Sometimes I think it’s a question of focus.
What I mean by that is lots of times it seems to me that the government tends to focus on effects instead of causes.
When that happens, outcomes seem less than effective. That’s a little cryptic, isn’t it?
OK, so let’s think about it in concrete terms.
According to the last Harris Interactive Happiness Index, roughly 33 percent of Americans consider themselves “happy.” No need to go into all the methodology of their polling here, but the bottom line is, fully two-thirds of Americans consider themselves in varying degrees of “unhappy.”
That’s what I mean when I say it’s important to focus on the cause instead of the effect. You can apply this line of thinking to any issue.
Let’s talk about gun violence, for example. The legislation Washington types like to talk about deals with the effect of gun violence, not the cause. The likely reason for this is because it’s just a lot easier to attack the issue that way.
When some crazy person shoots a bunch of people, it’s just easier to attack the effect. Gun bans and background checks have no effect on the cause of mass shootings because guns don’t cause mass shootings. It’s much more difficult and complex to attack the cause.
It’s the same with pretty much every issue this country faces.
Problem is, until you root out the cause and minimize it, the effect will always remain.
Take terrorism – please, for the love of God, take terrorism.
We’ve crafted tons of legislation to attack the effects of terrorism. We’ve attacked the effect to the point where we frisk 80-year-old ladies and 4-year-old children in airports. We make all air travelers remove their shoes.
Yet, when Russia and Saudi Arabia warn of a guy who may become a jihadist bomber, we lose track of him.
I think terrorists know this about us. I think Osama bin Laden got just what he wanted. I think he knew that if he could pull off some grand attack on the U.S. that we would react as we did. We would spend trillions of dollars, basically wreck our economy and raise the ire of people all over the world.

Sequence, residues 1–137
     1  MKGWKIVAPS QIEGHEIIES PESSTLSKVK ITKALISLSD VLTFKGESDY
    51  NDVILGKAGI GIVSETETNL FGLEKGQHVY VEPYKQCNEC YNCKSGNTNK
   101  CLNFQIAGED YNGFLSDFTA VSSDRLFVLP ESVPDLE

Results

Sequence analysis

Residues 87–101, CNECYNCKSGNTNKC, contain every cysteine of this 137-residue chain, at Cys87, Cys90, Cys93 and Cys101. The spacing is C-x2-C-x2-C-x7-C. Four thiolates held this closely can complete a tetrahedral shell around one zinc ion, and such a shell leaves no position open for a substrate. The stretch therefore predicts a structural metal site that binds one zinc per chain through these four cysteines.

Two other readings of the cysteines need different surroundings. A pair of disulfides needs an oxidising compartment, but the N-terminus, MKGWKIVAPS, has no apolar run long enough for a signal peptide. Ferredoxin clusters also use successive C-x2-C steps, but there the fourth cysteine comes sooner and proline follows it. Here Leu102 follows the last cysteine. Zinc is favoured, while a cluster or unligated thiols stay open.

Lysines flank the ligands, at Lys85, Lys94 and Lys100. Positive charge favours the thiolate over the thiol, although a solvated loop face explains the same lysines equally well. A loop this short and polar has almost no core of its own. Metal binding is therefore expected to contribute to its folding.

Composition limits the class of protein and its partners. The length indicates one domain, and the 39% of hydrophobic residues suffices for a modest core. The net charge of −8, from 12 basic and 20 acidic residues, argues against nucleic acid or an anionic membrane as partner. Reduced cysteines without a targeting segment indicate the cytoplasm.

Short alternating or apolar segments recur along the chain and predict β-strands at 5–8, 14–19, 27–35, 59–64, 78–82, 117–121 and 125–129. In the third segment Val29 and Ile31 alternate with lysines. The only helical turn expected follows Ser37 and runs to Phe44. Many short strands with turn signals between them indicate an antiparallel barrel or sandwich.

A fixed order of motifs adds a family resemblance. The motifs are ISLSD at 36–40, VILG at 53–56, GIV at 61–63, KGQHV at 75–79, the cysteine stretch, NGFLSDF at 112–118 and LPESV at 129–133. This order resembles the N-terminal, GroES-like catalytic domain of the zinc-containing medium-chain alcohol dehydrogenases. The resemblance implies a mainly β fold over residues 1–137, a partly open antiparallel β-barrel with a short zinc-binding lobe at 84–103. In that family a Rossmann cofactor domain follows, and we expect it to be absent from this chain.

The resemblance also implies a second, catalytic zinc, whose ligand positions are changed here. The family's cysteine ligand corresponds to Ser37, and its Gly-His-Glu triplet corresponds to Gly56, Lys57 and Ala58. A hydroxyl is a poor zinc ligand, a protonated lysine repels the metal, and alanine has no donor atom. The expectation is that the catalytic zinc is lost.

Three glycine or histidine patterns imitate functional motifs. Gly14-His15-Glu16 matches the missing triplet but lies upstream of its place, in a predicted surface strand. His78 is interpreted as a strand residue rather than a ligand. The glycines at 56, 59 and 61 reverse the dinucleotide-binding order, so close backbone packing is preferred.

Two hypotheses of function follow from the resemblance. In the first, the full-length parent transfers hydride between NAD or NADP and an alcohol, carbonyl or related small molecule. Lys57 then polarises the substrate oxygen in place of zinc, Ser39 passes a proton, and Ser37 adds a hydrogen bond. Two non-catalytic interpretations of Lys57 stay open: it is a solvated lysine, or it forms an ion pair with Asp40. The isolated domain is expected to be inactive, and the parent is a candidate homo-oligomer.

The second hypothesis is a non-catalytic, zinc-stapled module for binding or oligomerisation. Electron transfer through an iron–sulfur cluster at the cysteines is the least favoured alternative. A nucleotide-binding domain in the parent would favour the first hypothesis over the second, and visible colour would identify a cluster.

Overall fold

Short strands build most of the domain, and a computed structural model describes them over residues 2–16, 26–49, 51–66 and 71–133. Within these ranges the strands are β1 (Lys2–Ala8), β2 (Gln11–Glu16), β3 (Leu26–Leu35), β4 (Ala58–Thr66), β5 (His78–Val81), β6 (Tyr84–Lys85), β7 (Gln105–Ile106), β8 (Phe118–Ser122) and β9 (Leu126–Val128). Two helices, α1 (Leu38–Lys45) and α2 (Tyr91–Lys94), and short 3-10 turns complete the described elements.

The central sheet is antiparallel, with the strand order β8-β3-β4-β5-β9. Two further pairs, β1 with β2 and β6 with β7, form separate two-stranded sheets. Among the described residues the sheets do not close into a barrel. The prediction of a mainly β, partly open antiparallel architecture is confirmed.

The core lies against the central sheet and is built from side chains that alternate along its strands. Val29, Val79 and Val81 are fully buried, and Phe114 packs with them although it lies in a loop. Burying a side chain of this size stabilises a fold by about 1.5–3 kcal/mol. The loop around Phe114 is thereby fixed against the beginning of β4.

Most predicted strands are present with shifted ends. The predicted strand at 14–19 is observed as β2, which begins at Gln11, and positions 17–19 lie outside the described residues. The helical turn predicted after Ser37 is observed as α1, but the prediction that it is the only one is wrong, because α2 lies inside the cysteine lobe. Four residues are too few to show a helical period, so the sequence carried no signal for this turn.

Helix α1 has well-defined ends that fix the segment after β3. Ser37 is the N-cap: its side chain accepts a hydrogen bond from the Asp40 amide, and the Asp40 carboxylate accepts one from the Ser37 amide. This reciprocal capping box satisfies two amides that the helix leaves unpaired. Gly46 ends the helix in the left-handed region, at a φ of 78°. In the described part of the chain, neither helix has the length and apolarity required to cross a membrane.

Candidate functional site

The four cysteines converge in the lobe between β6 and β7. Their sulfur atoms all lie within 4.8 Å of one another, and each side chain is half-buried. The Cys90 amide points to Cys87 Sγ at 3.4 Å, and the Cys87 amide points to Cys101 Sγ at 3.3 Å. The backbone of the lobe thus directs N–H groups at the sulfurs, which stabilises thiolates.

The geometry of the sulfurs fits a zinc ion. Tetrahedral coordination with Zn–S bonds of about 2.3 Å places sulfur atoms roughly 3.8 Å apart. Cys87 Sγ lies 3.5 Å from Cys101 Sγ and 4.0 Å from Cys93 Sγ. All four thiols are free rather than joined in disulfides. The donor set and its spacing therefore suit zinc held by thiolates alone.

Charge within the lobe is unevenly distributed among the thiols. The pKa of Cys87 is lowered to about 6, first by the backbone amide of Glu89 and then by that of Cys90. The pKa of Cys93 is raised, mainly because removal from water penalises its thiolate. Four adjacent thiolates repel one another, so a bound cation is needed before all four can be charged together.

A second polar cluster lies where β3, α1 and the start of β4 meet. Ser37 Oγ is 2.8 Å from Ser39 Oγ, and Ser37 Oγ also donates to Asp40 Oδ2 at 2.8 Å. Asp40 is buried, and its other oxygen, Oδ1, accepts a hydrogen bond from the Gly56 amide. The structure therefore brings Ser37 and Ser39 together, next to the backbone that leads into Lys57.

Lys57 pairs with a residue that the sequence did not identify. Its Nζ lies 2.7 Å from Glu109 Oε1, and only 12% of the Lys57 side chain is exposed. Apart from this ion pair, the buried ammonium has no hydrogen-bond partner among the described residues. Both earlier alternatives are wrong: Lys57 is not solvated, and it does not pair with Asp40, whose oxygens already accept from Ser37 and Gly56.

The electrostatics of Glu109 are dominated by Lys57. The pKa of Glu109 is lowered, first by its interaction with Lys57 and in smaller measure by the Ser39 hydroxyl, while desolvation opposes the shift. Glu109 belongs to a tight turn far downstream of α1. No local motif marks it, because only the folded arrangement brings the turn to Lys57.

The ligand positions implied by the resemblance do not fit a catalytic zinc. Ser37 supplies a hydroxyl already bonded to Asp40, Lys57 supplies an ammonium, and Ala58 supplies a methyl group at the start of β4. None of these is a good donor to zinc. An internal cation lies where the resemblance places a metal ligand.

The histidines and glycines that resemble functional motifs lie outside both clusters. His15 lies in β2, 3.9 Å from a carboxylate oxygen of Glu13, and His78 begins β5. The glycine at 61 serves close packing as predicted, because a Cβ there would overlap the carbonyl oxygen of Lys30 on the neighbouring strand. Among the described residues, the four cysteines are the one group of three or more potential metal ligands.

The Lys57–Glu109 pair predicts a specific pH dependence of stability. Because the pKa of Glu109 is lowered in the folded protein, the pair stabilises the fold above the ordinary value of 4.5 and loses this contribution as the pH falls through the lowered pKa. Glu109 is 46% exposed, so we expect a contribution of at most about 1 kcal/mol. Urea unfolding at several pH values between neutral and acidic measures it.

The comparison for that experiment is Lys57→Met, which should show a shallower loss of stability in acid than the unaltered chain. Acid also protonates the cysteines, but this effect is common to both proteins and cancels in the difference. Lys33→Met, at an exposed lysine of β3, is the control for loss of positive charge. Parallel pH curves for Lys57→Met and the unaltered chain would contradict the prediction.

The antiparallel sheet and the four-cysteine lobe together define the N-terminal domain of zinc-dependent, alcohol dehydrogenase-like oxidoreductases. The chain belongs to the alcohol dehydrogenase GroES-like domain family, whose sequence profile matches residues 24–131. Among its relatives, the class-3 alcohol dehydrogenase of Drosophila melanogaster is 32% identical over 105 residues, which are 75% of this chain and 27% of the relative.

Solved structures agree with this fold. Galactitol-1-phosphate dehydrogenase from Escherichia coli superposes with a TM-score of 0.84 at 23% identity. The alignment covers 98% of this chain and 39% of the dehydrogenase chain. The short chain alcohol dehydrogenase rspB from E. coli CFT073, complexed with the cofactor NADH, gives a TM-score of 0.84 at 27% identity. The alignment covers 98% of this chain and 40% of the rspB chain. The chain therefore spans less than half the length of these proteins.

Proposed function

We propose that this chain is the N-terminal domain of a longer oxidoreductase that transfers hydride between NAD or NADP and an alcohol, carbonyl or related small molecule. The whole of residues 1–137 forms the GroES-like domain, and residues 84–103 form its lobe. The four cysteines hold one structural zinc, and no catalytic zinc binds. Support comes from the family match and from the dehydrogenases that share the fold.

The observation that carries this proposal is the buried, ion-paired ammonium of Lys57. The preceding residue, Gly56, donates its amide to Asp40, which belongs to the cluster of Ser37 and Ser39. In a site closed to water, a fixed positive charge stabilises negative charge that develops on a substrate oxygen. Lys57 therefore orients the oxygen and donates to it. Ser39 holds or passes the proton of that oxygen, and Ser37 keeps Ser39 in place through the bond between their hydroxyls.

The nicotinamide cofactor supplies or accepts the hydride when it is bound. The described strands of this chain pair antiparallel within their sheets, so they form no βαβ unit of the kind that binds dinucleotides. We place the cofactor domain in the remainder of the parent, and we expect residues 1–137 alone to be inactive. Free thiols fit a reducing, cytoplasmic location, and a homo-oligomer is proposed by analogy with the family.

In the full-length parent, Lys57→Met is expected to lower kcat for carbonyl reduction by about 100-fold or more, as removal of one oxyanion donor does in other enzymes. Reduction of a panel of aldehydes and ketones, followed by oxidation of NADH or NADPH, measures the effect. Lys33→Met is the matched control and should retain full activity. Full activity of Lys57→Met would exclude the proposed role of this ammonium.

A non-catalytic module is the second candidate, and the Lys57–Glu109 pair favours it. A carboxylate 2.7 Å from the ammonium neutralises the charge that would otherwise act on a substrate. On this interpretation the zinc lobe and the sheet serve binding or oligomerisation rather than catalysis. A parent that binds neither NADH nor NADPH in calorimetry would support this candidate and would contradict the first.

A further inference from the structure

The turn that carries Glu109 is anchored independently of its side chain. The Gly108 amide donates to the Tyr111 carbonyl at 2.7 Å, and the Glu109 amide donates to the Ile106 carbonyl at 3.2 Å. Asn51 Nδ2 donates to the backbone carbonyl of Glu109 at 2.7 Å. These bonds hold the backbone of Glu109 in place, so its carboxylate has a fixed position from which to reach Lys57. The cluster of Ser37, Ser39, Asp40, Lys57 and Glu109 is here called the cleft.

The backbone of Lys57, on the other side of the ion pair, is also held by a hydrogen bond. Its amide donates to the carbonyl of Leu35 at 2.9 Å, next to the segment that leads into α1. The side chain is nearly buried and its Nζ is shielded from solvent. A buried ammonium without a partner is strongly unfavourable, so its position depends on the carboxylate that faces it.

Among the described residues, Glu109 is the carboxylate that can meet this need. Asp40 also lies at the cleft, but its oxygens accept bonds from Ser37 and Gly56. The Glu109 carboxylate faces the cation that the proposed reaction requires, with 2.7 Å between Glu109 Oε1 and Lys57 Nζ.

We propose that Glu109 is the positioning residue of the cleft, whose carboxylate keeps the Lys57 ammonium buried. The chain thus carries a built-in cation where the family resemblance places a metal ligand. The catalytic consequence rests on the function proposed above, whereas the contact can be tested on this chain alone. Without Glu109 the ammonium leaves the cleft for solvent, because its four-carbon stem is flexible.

We went right down that path.
I walked around the Twin Towers area and Wall Street in New York City in September 2008. Wall Street looked like something you’d see in Tel Aviv or Beirut. There were concrete barriers blocking access to streets and lots of cops. I think that probably makes the al-Qaida types of the world very happy.
Remember right after 9/11? The whole world was on our side. Everybody felt bad for us. They had empathy for us, sympathy for us.
These days, after a couple wars, countless drone attacks and policies permitting torture, indefinite detention and warrantless wiretaps, we’re back to being viewed as this big imperialist meanie that other countries love to hate.
And we’ve come right back full circle to the cause. By looking to minimize the effect, we exacerbate the cause.
Not that some radical jihadist is ever going to love America. But it would seem that we could make it a little harder for those guys to recruit college kids like the Boston bomber.
I remember George W. Bush saying “They hate us because we’re free.” I don’t think that’s true.
Lots of places are free. Canada is free. Nobody hates Canada, do they? Well, maybe a select few U.S. National Hockey League fans.
I think they hate us because we have no problem propping up brutal dictators to keep the oil flowing. Or because they see us as too materialist and not spiritual enough.
Maybe we should adjust our view a little bit. Maybe we should get introspective and figure out what it is that causes people to hate us and work on that.
But let’s get back to that unhappiness quotient in America. Let’s get to the cause of that unhappiness.
Do you suppose some two-thirds of Americans count themselves unhappy because of terrorism? Is it because of guns? Is it because of gay marriage? Is it because of immigration, health care, the environment?
CBS News/New York Times did a poll in April.
A poll question:         
“What do you think is the most important problem facing this country today?”
The results: Economy and jobs, 40 percent; budget deficit/national debt, 6    percent; immigration, 4 percent; guns, 3 percent; health care, 3 percent; terrorism, 3 percent.
Things like foreign policy, the environment and gay marriage are statistically insignificant with regard to what Americans deem as troubling in this poll.
So, if you’re in government, why not focus like a laser on what’s really troubling Americans? Get right at the cause of that unhappiness – jobs and the economy.
Does anybody get the sense that our elected official are doing that?
Me either.
Seems they’re too concerned about immigration, terrorism, health care, gay marriage, green energy, foreign policy and guns.